BBT editor Paul Revel talks to Maurice Veronique, joint chairman and CEO of the Appointment Group
I CATCH UP WITH Maurice Veronique in a quiet corner of the San Diego Convention Centre. Well, not so much a corner – we actually have an enormous atrium-style area to ourselves. The place is so vast that it comfortably swallows the 7,000 delegates in town for the GBTA convention, with plenty of room to spare.
Veronique has had a relatively short journey – he’s now based at the company’s Los Angeles office, a mere 120-odd miles north of here. He’s getting set to celebrate a big anniversary: it was 25 years ago this September that he and joint chairman-CEO John Gianquitto founded Travel by Appointment.
I ask him how it all came about. “Back in 1988, I was finance director of a PLC called Audio Fidelity, working with the likes of Simon Cowell,” he says – and he is indeed referring to the now-famous X Factor impresario. “Yes – I met Simon when I was 16, at Windsor College. We started to hang out, and then we lived together in London in the early ’80s." They then worked together for several years.
“We were running a record label, an electronics company, a book publisher...many different enterprises,” he recalls. “It was an exciting business, with celebrities and entertainment people. We were manufacturing in Hong Kong, shipping all over the world. It was a great time, but going pretty bad in terms of the business – I could see it all going a bit pear-shaped.”
So early in 1988, he was chatting to old pal John Gianquitto, who worked in the travel industry. “He was general manager of Trinifold Travel and was doing a lot in the entertainment sector, looking after the likes of Genesis, U2 and Lionel Richie.
“We were having a beer and talking about how we both had good jobs, but were both working crazy hours – for other people. We figured if we were putting this much effort in, we should be doing it for ourselves.”
The pair of them found a small Sheffield-based travel agency for sale that suited their needs. “We went to a bank to ask for a loan, which they gave us – it was a lot easier to get a loan back then.” They bought the business and transferred it to London, hiring three staff. “We opened on September 1, 1988 – a couple of fresh-faced, young, eager guys – and set about conquering the world.”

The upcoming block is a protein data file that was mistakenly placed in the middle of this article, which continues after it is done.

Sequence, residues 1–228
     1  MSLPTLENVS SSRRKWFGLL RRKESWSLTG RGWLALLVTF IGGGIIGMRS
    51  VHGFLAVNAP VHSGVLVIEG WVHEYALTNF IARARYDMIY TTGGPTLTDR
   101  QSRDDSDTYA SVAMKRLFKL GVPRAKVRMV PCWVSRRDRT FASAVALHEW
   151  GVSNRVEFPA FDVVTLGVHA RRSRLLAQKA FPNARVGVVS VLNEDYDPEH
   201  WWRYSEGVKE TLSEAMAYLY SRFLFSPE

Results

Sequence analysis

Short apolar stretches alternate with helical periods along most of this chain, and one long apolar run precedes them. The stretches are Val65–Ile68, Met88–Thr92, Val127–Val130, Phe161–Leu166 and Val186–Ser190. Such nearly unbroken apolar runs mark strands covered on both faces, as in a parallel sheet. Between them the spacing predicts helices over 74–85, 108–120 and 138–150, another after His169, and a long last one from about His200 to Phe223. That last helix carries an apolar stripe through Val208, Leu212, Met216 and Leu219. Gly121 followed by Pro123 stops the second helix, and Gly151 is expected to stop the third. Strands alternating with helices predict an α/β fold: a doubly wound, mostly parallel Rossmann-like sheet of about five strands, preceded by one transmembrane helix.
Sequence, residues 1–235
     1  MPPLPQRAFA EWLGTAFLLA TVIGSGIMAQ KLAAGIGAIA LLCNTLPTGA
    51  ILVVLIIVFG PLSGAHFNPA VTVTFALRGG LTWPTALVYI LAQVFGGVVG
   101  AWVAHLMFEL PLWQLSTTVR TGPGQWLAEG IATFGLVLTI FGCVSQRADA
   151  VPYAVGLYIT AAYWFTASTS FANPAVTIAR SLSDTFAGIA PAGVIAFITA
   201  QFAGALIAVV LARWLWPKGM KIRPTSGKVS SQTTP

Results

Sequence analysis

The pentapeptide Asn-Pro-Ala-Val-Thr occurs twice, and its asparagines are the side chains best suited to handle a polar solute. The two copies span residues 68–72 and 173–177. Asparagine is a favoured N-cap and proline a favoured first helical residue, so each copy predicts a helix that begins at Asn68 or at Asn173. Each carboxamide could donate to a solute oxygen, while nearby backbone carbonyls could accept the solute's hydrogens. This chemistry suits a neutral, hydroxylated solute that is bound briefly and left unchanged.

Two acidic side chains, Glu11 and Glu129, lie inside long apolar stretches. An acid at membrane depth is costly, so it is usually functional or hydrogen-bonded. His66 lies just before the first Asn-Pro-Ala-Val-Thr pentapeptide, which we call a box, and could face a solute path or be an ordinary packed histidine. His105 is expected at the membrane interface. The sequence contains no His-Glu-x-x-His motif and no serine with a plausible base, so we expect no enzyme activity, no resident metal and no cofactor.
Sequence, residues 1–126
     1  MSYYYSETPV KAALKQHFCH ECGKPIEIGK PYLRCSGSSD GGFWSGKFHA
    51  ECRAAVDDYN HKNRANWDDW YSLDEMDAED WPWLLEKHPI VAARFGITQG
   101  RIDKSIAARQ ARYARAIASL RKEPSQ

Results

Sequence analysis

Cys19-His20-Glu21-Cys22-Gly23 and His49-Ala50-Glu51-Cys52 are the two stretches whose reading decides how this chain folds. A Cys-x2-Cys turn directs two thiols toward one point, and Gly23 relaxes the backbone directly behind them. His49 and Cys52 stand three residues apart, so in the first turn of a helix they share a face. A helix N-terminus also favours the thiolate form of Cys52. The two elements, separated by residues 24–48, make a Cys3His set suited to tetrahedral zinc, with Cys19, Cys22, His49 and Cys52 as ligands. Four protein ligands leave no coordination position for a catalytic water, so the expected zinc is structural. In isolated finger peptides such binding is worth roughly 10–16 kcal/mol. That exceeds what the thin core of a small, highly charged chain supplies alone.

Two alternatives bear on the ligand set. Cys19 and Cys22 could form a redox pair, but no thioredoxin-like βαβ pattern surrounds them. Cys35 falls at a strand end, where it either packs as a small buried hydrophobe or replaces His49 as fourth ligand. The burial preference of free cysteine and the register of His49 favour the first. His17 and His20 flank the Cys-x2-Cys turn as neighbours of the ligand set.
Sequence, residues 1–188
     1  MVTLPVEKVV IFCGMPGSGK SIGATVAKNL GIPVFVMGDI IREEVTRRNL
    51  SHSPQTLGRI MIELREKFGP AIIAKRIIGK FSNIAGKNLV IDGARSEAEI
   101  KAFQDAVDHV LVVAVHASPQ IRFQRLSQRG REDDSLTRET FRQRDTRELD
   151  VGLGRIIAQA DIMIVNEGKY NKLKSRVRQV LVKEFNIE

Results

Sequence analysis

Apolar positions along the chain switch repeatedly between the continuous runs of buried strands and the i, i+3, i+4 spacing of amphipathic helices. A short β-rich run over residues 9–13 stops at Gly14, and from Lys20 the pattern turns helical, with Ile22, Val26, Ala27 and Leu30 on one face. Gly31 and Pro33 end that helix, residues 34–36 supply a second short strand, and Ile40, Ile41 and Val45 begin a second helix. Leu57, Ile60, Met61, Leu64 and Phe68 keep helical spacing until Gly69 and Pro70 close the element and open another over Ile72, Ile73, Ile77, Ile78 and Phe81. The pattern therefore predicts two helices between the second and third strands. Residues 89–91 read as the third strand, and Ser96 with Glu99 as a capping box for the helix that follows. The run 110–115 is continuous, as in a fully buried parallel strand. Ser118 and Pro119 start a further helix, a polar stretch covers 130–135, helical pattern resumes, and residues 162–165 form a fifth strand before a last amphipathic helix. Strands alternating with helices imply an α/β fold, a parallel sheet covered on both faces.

So at this stage, did he have any experience in the travel industry? He laughs: “No, I’m a boring accountant.”
SHIFT OF EMPHASIS
Today, with its specialist divisions collectively known as the Appointment Group (of which Travel by Appointment is a part), the TMC is a major player in the entertainment and finance sectors. It was listed at number 18 in Buying Business Travel’s annual 50 Leading TMCs guide this year, with UK sales of £80.9 million.
So what’s changed in those 25 years? “The most fundamental change is back then we were travel agents, now we’re a TMC – that says a lot about the shift of emphasis on the whole process of fulfilment,” he says, adding: “It’s funny looking back. One of the first things we had to go and buy was a Telex machine. And we had a mobile phone which we called ‘the brick’ – it weighed a ton and had a battery life of about three minutes.”
He says the archaic technology back then meant the booking process was long-winded and labour-intensive. “It obviously resulted in a lack of efficiencies. I think over the years it’s metamorphosed – for the better. It’s more streamlined and technology-driven – and more relationship-driven now.”
This brings Veronique on to the subject which he believes is at the core of the success of his specialised business: relationships. It’s a word he uses often. “We’ve always had the philosophy that our relationship with our suppliers is as important – if not more important – as our relationship with our clients,” he says. “And that was quite gear-changing, quite radical at the time.
“So we spent an awful lot of time developing very good working relationships with our suppliers, and that stays true today. Our supplier relationships are second to none – I think probably one of the best in the industry.”
STARS OF THE SHOW
With the hotel sector in particular, he says the strength of these relationships is vital, given the demands and logistics managing travel for the big music tours: recent and current clients include Madonna, Guns N’ Roses, Rihanna, Justin Bieber and Jay-Z. “On the touring side, with the clients we’re handling, we may have 100 people going into a hotel,” he explains. “Their itineraries change, schedules change, people drop out or come in – it’s a constantly changing environment.”
That’s when these relationships can get tested to the limit: “So when we book 100 rooms in a hotel three-to-four months out, the hotel, as you can imagine, is a bit nervous. They’re tying up a lot of their inventory, and we don’t sign contracts – so they need to trust us.”